NONSTEROIDAL ANTI-INFLAMMATORY DRUGS (NSAID)
Advil is an over-the-counter medication used to treat pain, fever, and inflammation. It is also known by its drug name, Ibuprofen, and the brand name Motrin. Stronger doses of Advil are available by prescription. Advil is used to treat pain, stiffness, and swelling in joints caused by psoriatic arthritis.
Advil should not be used by people who are allergic to non-steroidal anti-inflammatory drugs (NSAIDs) such as Aleve. Advil may not be appropriate for pregnant women. Do not take Advil while you are also taking aspirin or another NSAID drug. Advil should be used with caution in smokers, diabetics, and people with a history of heart problems, liver disease, stomach ulcers, kidney problems, gastrointestinal bleeding, high blood pressure, or strokes.
Advil is an NSAID. NSAIDs help reduce fever, pain, and inflammation. Advil is believed to work by inhibiting the production of chemicals that promote inflammation and blood clot formation in the body.
How do I take it?
Always check with your doctor before taking a new medication, including over-the-counter medications.
Take Advil according to directions given by your doctor or found on the medication package. Do not exceed the recommended dosage. When taking NSAIDs, it is important to use the lowest dose that is effective and to take it for the shortest amount of time to avoid side effects.
Taking Advil with food or after meals may help avoid gastrointestinal side effects.
In an article published in 2005, researchers reviewed scientific literature on the use of NSAIDs and disease-modifying anti-rheumatic drugs (DMARDs) for the treatment of psoriatic arthritis. The researchers concluded that NSAIDs are more effective than a placebo for treating joint pain, swelling, and tenderness associated with psoriatic arthritis.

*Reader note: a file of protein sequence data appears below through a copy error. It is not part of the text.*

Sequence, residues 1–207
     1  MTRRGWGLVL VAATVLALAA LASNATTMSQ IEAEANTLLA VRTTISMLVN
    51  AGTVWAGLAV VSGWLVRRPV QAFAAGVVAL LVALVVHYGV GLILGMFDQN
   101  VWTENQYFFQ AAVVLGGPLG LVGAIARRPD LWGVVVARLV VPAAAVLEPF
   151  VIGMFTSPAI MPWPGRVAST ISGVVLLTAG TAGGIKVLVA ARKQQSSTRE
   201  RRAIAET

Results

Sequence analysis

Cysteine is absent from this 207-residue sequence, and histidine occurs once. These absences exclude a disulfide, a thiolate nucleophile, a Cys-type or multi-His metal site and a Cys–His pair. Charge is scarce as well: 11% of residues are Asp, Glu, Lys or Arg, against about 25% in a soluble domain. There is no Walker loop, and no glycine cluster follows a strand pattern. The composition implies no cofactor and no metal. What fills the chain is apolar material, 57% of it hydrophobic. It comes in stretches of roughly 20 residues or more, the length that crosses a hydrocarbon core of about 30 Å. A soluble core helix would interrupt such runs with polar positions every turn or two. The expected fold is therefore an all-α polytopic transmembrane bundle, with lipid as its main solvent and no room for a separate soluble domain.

The risk of side effects from NSAIDs increases the longer you take them.
In some people, NSAIDs can cause a worsening of skin symptoms of psoriasis.
Advil may increase the risk of stroke, heart attack, and serious gastrointestinal injury including perforation.
Common side effects of Advil include abdominal pain and cramps, gastrointestinal ulcerations, bleeding, constipation, diarrhea, dizziness, and nausea.
Contact your doctor if you experience severe stomach pain, nausea or vomiting, black stools that appear bloody or tarry, or a fever that lasts more than three days while taking Advil.
Seek medical help immediately if you experience symptoms of an allergic reaction such as trouble breathing, severe dizziness, rash, or itching or swelling of the face, tongue, and throat.